My 2nd "come to Jesus meeting" built me in an entirely different and unique way. Often times you must go through a rite of passage like that just to come out on the other end with a brand new perspective of things. It's like this fork in the road. The same fork in the road I had on my 1st "come to Jesus meeting". Except this fork in the road was about life or death. We make up in our minds what we want to be, who we want to be, and how we want to get there. We all have choices to make. But, always remember every choice we make is apart of the rudder and sail that propels us in that particular direction. We can do anything we put our minds to. I learned that also. You can choose to be bitter at life or you can choose to laugh, roll with the punches, and understand it's all for the good and testimony in which to come. Then you have the phenomenal blessing and responsibility of passing all that you've learned to others for the sake of their own lives and salvation. Life is good. Actually, life is GREAT!
8) Do you think the general climate of radio needs a jump start? And if so, what possibilities do you foresee?
Yes, absolutely! The climate of radio in general needs a major jump start. I suppose that's my way of saying I feel a lot of us in radio don't think out of the box much anymore. I've come across many people they say the industry is very cookie-cutter. That's one of many things I love about Radio 1039 and Ken Johnson's direction. Here in NYC we have this progressive radio station with a clean sound. It's progressive in the sense that it's a forward moving station. The music programming is more unique than what we're accustomed to regarding most UAC stations. The voice of the station is a phenomenal woman by the name of Jeannie Johnson. Between Ken Johnson's new direction, the music, the voice of the station, and our explosive social media campaign I feel Radio 1039 is moving in that direction of adding change and uniqueness to the UAC format of the radio industry and the entire radio industry in general.
There's so much that can be done with all this technology today. I honestly don't think it stops there. I remember the first time coming across Google glasses. Then I thought to myself how cool would it be if radio could do the same thing. I would love to be a part of the coding of audio production for something like that. My question then is, "what innovative are you thinking of to propel radio forward along the lines of new technology and social media"? If it can be thought of, it can be produced to happen. Only time will tell.
Ultimately, I foresee radio continuing to combine with new and upcoming social media platforms and technology. As a matter a fact, it's a must! A lot of stations still don't understanding today's wave of communications. The forecast of radio isn't as clear as it used to be. We have to mold today's generation for the future. We have to mold ourselves to mold today's generation. These younger adults are coming up with things that are out of this world. Instead of being so traditional about things, we must learn to embrace but yet keep a balance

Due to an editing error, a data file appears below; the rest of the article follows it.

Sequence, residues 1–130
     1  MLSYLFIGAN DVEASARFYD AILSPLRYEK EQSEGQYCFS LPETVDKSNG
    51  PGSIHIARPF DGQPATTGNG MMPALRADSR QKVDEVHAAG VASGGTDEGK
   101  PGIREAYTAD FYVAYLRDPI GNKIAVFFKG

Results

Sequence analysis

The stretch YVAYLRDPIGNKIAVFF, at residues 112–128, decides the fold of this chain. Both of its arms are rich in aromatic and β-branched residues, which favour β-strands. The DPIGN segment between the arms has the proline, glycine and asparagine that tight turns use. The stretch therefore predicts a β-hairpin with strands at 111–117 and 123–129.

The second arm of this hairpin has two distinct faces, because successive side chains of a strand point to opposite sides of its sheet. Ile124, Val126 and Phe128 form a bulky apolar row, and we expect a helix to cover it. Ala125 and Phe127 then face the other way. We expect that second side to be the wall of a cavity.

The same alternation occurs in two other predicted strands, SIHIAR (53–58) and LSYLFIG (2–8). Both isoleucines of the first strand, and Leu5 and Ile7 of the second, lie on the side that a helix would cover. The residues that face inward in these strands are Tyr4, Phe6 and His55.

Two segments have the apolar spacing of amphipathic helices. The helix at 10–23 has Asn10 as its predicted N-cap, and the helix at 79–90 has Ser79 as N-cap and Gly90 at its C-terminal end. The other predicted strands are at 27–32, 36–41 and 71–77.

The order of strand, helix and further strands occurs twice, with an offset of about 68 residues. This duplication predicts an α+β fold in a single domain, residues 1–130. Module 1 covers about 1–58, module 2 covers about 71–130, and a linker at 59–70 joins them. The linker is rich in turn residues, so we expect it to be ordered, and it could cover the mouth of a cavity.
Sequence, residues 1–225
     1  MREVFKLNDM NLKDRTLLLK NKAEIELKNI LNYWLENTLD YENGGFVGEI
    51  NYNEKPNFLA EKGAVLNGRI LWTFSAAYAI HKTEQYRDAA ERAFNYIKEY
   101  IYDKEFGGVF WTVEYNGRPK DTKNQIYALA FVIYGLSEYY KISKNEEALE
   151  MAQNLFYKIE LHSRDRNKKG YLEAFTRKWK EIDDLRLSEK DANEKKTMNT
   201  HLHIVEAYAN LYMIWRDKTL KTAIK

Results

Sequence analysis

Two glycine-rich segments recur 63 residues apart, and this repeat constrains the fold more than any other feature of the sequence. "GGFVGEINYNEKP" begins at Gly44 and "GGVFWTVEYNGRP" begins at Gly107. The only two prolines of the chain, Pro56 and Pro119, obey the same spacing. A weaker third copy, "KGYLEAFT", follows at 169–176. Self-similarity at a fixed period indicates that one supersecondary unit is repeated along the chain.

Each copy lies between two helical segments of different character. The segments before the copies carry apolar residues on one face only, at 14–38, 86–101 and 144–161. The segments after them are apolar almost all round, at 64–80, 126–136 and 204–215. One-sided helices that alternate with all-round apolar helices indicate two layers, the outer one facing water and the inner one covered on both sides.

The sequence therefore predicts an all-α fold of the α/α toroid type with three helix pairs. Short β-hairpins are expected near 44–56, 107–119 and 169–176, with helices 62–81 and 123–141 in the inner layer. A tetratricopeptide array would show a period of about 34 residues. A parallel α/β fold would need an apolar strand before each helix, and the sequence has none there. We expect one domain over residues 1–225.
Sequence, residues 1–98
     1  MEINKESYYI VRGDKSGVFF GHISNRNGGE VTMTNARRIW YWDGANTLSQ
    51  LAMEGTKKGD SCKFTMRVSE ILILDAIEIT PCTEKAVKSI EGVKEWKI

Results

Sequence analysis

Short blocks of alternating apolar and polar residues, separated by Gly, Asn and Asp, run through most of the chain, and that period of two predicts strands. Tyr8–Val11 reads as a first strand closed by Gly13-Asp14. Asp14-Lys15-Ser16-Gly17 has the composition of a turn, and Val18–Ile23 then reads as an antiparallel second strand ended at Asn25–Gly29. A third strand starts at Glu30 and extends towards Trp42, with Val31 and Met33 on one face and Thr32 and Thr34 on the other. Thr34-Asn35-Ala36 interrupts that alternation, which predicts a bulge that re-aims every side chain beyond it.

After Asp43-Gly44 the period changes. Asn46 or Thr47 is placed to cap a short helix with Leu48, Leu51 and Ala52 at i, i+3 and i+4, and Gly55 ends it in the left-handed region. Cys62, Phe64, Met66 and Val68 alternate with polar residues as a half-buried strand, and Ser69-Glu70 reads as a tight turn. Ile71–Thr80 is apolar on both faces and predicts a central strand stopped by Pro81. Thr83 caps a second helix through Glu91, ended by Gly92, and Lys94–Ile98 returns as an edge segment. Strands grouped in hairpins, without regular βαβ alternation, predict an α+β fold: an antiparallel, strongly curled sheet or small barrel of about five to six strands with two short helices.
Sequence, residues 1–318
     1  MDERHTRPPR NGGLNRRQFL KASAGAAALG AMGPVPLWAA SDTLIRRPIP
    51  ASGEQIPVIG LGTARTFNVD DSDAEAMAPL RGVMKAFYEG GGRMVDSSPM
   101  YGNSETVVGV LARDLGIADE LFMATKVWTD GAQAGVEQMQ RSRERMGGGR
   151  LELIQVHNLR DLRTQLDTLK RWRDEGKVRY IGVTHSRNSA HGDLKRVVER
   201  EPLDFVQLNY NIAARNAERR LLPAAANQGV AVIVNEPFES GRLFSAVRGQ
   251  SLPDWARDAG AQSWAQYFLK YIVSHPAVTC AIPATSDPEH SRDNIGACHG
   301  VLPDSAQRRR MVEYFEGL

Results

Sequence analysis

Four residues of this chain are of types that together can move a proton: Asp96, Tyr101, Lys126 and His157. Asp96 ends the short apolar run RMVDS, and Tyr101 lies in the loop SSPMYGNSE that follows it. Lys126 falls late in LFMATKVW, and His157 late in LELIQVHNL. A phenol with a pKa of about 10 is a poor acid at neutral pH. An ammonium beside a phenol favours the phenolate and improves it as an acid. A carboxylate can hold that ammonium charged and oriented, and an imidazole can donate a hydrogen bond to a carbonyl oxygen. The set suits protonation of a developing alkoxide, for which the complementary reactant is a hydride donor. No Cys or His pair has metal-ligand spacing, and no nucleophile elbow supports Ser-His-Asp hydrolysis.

If radio doesn't grow beyond cookie cutter production, programming, on air personalities, and music it too will become a dying breed of media. I'm not saying anything new. We're hearing it from left and right all the time. I'm just the messenger and the messages are written all over the wall. We must have faith, let go of the reigns a little, and usher in some new juice. Radio's livelihood depends on it.
9) How did you get started with doing production and imaging?
My first job title in radio was Production Director. That was in Killeen, TX (Copperas Cove). I was Prod. Director over twi stations, a UAC and a CHR station. I thought I made it (haha). Little did I know, I had quite a long way to go in regards to the respect and craft of radio production. I didn't even care much about annunciation, diction, clear and concise reads, inflection. I just wanted to get it done. I would then throw a beat up under it and that was it. No eq on the voice, the effects, and no attention to detail. Honestly, I wasn't all that interested in production at the time. I was probably like most newcomers. I just wanted to be on the air.
Then I went to Houston. I was morning show producer there. I met someone special who is still a mentor of mine by the name of Mark "The Shark" Fisher. One day I walked in on him producing this commercial with most of the on-air staff. I remember looking at the tracks he was using and all the elements and my eyes widened. He then commenced to showing me techniques. I learned quite a bit from Mark, but still was nowhere close to what I needed to be.
Then came Huntsville, AL with an awesome PD by the name of Phillip March David (OPD). I don't think he was all that confident in me at 1st. Ken Johnson sent me to Huntsville, AB. So I was like this youngin' dude out of nowhere with KJ's backing. I had to prove myself. Phillip looked at me and said, "there's this file coming from the VO guy (Pat Garrett) and I want it produced by the time I get back." I said, "okay, no problem." He left and I basically freaked out internally. I never produced any imaging a day in my life. I couldn't even quite comprehend what he wanted me to do. I just knew I had to do it. So, I noticed some imaging had already been created in the system. I went through drop after drop after drop. Next I grabbed the 1st dry drop voiced by Pat G and produced it inch by inch just like how I heard the produced drops in the system. "I did it"! I created my 1st imaging drop and then it was on and poppin' from there.